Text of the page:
Minor: Avoid using glob to load files

In frontity-embedded.php the PoC is using glob to include the files in php-jwt, it’s preferable to just hardcode the files (or use an autoloader).

  $jwt_files = array(

	// Load php-jwt classes.
	foreach ( $jwt_files as $filename ) {
		require_once plugin_dir_path( __FILE__ ) . '/includes/php-jwt/' . $filename;

Another potential but minor issue is that it is just going to include any files in that folder, which would give attackers a new way of running malicious code if they manage to upload a file to that folder.


Ah, on another note - at first I almost thought that subscribers users would be able preview any posts because we weren’t checking if the user had permission to edit the post when generating the token but as it turns out WordPress will return false in is_preview() if the user logged in has no permission to preview a post.

If we want to be extra careful we could add an extra check to make sure the logged in user can indeed edit/preview a post.

$id = get_the_ID(); 
if ( $id && is_preview() && is_user_logged_in() && current_user_can( 'edit_post', $id ) ) {

Could be an extra layer of security if other plugins are messing with is_preview.


Awesome. Many thanks @nicholasio.oliveira :clap::slightly_smiling_face:

I have opened three issues to fix these problems:

Just a note here, I’ve never played with the _method global parameter of the WP REST API and so I’m not sure if it could cause any security problems, but I think we should check that case because the capabilities implementation checks the HTTP method used to make the REST API request.

I’m not sure which method would return $_SERVER[ 'REQUEST_METHOD' ] with this call:

GET /wp-json/wp/v2/posts/42?_method=DELETE HTTP/1.1
Host: example.com
1 Like

Thanks so much for your work here. Frontity is truly an incredible piece of software at this point. I am looking to support post previews on an upcoming project wiith Frontity, but I don’t see anything in the Docs or Guides. Searching brings me here to the community forums and I see the feature is marked “released”. Is there anywhere that a start-to-finish explanation on how to support post previews exists?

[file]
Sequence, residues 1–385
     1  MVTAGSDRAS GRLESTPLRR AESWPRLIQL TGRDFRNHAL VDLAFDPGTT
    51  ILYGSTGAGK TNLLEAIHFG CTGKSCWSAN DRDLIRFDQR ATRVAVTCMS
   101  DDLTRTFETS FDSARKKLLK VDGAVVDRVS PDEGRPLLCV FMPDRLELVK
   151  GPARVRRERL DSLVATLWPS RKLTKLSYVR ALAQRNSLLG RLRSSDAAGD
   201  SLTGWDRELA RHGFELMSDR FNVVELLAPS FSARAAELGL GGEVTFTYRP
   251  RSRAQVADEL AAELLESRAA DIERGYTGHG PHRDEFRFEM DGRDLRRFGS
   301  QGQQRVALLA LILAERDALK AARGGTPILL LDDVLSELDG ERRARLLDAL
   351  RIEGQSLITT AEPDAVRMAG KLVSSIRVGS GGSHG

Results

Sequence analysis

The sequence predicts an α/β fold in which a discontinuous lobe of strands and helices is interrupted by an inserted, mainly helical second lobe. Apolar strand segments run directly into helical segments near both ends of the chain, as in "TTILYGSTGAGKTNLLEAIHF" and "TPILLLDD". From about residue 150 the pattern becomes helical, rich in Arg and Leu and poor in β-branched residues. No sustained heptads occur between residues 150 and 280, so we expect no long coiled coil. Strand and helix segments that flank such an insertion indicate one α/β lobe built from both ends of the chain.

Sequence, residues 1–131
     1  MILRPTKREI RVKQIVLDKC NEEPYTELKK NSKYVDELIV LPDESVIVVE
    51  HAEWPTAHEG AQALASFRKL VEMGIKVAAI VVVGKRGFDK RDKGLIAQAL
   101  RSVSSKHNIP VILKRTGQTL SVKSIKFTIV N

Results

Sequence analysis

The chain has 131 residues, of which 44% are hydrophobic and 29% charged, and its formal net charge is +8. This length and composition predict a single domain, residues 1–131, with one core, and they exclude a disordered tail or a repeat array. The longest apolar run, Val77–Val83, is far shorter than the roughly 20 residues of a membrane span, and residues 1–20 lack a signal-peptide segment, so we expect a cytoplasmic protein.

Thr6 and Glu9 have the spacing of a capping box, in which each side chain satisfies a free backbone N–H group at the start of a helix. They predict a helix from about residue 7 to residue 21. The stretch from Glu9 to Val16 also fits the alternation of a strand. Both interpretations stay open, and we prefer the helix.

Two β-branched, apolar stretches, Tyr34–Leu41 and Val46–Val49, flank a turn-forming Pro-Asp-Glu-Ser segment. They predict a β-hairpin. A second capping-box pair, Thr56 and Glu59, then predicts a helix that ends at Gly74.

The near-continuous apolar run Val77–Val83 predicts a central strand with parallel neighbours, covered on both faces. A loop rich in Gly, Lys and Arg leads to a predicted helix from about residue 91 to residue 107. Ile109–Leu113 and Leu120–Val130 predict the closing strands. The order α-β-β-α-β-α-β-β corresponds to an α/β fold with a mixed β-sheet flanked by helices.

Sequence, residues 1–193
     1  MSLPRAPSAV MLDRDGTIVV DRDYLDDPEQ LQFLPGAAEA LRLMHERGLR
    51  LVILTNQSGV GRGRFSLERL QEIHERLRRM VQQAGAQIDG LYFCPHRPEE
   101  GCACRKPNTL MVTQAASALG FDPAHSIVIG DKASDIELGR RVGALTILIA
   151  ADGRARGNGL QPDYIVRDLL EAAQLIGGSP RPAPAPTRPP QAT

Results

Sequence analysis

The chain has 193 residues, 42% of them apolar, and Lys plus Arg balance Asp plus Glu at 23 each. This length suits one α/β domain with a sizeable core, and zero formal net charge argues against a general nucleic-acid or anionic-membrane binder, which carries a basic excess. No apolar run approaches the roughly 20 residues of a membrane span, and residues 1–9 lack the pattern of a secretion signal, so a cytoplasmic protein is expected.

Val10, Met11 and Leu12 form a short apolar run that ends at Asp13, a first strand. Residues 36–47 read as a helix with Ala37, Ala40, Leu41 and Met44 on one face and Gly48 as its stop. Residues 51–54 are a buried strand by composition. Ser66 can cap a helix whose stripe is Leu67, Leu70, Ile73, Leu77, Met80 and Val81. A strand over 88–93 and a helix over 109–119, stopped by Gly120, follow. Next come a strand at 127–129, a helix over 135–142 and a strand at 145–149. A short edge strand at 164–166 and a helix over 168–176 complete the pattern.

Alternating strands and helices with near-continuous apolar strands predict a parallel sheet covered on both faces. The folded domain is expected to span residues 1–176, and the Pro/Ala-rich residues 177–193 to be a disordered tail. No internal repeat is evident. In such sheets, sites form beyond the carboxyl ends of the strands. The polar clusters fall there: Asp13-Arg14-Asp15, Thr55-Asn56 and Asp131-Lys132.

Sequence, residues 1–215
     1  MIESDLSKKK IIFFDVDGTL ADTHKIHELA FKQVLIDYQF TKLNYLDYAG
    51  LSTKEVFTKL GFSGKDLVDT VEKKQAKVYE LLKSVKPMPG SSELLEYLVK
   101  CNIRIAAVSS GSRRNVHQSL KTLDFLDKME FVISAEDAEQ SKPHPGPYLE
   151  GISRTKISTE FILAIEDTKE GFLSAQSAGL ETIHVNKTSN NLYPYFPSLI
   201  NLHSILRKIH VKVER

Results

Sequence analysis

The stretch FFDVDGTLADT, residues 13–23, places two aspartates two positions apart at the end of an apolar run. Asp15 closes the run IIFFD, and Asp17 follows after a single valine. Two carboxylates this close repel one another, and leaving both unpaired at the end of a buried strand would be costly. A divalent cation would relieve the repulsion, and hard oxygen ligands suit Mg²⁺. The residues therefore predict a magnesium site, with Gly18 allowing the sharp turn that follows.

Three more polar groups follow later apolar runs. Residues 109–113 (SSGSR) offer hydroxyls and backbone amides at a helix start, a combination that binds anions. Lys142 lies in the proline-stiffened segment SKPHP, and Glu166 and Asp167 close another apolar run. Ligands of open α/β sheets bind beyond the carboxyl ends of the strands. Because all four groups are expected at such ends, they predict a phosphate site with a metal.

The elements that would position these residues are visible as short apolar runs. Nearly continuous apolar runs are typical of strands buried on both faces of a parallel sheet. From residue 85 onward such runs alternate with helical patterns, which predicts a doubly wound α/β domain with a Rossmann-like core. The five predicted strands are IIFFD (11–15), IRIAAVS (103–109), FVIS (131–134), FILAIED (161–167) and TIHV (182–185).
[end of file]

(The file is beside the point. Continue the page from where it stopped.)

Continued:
If not, could you give me a quick summary? I’d be happy to make a contribution in the form of documentation once I get this working in my project.


We have released some docs for the Embedded mode plugin (Frontity Embedded Mode - API Reference) and right now @mburridge and @juanma are working on a rewrite of the “Architecture” section of the main docs that explains the differences between the Decoupled mode and the Embedded mode: Rewrite of Architecture section by mburridge · Pull Request #296 · frontity/docs · GitHub

It’s also worth noting that you can use the Embedded mode for the post previews only, even if you use Frontity in Decoupled mode for the visitors.

Please review the docs and the PR and let us know what parts you think that need to be improved :slightly_smiling_face:


Awesome, thanks! This all makes conceptual sense to me now that I’ve had a chance to look at embedded mode. My note about documentation would have been exactly what @mburridge and @juanma are working on in #296, bringing that to more eyes in the main docs.

Thanks again, all.